Maritime Topics On Stamps :
The Flying Dutchman!  
The 'Flying Dutchman' is a sailing ship which has been spotted on the oceans for centuries. According to the myth it's captain is the bearer of a terrible curse and possessed by the devil as well. If the ship meets another vessel, some members of the awful crew come alongside in a small boat and ask for delivery of a bundle of mails. These letters have to be nailed to the mast immediately, otherwise misery will happen to the vessel, because the letters are addressed to already dead persons!
Today, a lot of different stories, legends and myths, a stage-play, a movie and even an opera concerning the Flying Dutchman exist.
The most horrible legend tells about a Dutchman named van der Decken. The crew of his very fast ship was constantly gambling, cursing and carousing. No one was allowed to enter his cabin, because there he had his meetings with the devil. The devil and van der Decken had a standing agreement. Van der Decken kept a house of his own behind the dunes, which was watched over by a witch. Everytime he returned from a long voyage a young girl was already waiting in his bed for his pleasure. The devil arranged for that.
When it was time to depart, van der Decken and the witch took the girl, broke her neck, sewed her into a bag and threw the bag into the sea. But once the devil caught a very beautiful girl just in front of a church. This maiden resisted van der Decken, cried for mercy and prayed for her freedom. Then suddenly a halo of glory appearead above her. Without further ado the enraged van der Decken broke her neck and threw her into the sea, like all the others.
But the devil was not satisfied and made the head of the beautiful girl appear in the waves, calling 'Follow me, Follow me!'. To van der Decken he whispered: 'Do it, you can catch her!' And from then on he is sailing over the oceans, following the bright light around the head of the beauty to all eternity without ever catching her.
Another story was told about a Bernhard Focke. He did so terrifically fast voyages to East India, only the devil could be his companion.
After earning untold riches with his fast voyages the devil came to claim his tribute, but Focke refused his part of the deal. So he was cursed to sail between the southern Cape's forever without a chance to contact another person.
Countless different versions exist about the reasons which caused the banishment. In another saga the Flying Dutchman was sailing in a heavy storm off the Cape of Good Hope. The hurricane blew so strong, that it was impossible to round the Cape. But the captain swore by all devils, to sail around the Cape even if it would last until Judgement Day. The devil took him by his words and so he is still sailing through the oceans with no hope of return.
There is a similar version, in which the term 'storm' is replaced by 'calm sea'.
In another version van der Decken (again) sailed through heavy storm and high seas. He cursed the weather and swore even to defeat the Almighty to reach the Table Bay. Suddenly an angel appeared on the deck of the ship. Van der Decken denied to take off his cap and shot at the apparition with his pistol. Thereupon the divine visitor condemned him and his ship to sail the oceans from here to eternity.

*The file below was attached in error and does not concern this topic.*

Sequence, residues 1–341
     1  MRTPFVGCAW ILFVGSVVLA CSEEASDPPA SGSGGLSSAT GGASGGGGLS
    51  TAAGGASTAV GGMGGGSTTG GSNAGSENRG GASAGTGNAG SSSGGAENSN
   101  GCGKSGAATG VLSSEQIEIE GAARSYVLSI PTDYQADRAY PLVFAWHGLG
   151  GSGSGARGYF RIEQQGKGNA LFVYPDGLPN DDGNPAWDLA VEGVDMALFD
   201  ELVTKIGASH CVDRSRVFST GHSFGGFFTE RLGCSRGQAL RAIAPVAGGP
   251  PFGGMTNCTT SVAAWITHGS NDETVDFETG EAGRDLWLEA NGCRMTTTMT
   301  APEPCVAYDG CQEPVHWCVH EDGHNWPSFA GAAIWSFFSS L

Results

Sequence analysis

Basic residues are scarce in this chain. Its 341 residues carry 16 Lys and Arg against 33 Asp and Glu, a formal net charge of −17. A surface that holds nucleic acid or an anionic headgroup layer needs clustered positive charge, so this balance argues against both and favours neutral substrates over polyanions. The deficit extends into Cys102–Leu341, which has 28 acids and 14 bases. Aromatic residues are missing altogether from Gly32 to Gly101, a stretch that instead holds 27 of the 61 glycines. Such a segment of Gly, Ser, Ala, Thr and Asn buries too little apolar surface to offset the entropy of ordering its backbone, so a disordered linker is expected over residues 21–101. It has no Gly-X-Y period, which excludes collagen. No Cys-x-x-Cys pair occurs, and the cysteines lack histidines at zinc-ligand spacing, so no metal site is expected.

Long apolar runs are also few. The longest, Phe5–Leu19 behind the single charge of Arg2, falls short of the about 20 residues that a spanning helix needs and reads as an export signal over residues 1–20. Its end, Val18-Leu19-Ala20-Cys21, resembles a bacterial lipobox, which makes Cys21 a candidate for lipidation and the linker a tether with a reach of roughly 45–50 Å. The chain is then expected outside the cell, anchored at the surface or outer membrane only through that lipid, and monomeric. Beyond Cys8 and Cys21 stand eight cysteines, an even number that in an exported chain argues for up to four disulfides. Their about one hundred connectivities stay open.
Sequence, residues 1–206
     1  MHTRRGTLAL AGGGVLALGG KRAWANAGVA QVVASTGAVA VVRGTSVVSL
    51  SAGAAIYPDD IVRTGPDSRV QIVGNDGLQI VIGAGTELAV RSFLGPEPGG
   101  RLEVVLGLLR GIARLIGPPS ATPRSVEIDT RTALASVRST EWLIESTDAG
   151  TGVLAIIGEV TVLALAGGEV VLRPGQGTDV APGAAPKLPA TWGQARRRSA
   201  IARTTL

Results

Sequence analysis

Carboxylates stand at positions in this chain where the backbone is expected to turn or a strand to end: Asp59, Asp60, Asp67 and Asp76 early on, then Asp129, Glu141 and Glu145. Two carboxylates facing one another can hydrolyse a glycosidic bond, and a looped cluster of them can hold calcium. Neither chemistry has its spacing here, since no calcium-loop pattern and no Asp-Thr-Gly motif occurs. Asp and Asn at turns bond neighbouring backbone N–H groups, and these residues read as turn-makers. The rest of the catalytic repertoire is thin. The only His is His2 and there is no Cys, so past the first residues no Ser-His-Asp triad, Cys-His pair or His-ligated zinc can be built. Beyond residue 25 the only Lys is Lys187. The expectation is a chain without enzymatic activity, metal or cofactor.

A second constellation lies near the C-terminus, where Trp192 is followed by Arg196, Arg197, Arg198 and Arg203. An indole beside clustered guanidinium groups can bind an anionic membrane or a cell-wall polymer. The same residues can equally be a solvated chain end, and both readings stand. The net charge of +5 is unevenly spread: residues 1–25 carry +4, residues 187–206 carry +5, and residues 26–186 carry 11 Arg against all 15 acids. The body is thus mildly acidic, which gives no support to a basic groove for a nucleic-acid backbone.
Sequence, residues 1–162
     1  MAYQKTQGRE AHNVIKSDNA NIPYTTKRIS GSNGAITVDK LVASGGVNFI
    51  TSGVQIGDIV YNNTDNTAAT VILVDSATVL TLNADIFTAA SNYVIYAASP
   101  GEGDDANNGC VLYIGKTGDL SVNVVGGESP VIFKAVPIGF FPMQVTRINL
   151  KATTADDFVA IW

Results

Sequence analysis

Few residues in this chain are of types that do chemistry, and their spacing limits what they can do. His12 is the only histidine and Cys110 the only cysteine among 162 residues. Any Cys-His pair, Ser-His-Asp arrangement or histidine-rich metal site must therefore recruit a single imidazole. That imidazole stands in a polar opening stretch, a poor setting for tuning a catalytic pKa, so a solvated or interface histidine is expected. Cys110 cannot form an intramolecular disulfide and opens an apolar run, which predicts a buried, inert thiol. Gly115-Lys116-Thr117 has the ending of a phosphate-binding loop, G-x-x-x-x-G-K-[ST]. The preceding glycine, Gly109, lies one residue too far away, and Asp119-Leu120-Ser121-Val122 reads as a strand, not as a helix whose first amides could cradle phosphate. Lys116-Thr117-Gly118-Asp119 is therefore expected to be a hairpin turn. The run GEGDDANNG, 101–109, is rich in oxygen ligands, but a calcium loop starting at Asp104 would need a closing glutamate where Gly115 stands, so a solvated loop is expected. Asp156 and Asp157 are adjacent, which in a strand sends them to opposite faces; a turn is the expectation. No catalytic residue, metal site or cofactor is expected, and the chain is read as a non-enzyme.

A lot of sailors have encountered the Flying Dutchman. Once he sailed in the doldrums with full speed, once he sailed backwards over the sea, once he floated in a cloud above the horizon. If one sees him, it is a bad omen and misfortune for the ship and the crew is bound to happen. Legend tells a crewmember, who saw the Flying Dutchman, fell from the mast the next day. A ship was caught for months in the doldrums or sank during the voyage.
Richard Wagner composed an opera about the Flying Dutchman and wanted to have a happy ending. He remembered another theme that the Flying Dutchman can be redeemed by the true devotion of a woman. The devil does not believe in true devotion and allows the cursed captain to go ashore every seven years where he can marry a wife and 'work' for his salvation. But the legend tells, that the Dutchman returns every time - happy to leave the wedlock.
Wagner's opera ends with Senta, the woman of the Flying Dutchman standing on a high sea-reef. She reaches out to her husband on the ship in front of the reef. But the Dutchman really loves her and wants to leave her behind to protect her from the terrible curse. So he confesses his fate and tells her to return.
But then Senta is crying "Here I stand, faithful to you until death!" and throws herself into the sea. The ship sinks, the Dutchman is redeemed and they are then seen rising to heaven together.
    restlessly he sails on and on .....
    roaming the oceans
from here to eternity ....    
This is the way how legends and sagas speak of the Flying Dutchman.

Now we want to speak about a 'real' Flying Dutchman of our times.
The stamps below show a small yawl which type is named after the legendary ship.

The abbreviation 'FD' stands for Flying Dutchman. Some specifications:
Length - 20ft, Beam - 6ft, Draught 3.7ft with the sword
Sails: mainsail 11 sqm, genoa 6 sqm, spinnaker 21 sqm
constructed by the Dutch (!) Uus van Essen.
This small and light boat type is very fast, will be sailed with a special rigg and is able to reach surflike speed. This boat type has it's own World and European Championships and was part of the schedule of quite a few Olympic Games.
Both heads depicted earlier on this page are from this beautiful stamp of Guernsey. It was issued in 1997 together with another stamp about Victor Hugo's novel 'Toilers of the Sea' and shows 'Gilliats end'.
The last big illustration ' .. from here to eternity' is an enlargement of an Ugandan stamp showing a barque.
The Bulgarian stamp shows a painting of Senta and her Dutchman.

© 1998 - 2003 Bjoern Moritz, all rights reserved.

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